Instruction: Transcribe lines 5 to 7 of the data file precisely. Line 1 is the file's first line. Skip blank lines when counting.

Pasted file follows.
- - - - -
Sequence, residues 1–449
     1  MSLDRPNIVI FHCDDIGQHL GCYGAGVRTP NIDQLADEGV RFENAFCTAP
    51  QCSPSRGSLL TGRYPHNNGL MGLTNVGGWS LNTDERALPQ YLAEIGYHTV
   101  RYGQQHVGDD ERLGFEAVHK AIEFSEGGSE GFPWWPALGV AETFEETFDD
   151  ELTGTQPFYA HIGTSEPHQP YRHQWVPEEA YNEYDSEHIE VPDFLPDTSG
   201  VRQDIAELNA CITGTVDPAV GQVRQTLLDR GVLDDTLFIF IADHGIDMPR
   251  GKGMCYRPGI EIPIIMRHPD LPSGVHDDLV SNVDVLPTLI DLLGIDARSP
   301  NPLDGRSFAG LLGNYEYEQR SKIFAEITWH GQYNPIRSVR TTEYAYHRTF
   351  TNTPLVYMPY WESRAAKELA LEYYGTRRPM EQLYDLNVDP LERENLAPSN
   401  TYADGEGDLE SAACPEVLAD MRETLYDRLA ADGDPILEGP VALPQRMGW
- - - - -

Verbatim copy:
   151  ELTGTQPFYA HIGTSEPHQP YRHQWVPEEA YNEYDSEHIE VPDFLPDTSG
   201  VRQDIAELNA CITGTVDPAV GQVRQTLLDR GVLDDTLFIF IADHGIDMPR
   251  GKGMCYRPGI EIPIIMRHPD LPSGVHDDLV SNVDVLPTLI DLLGIDARSP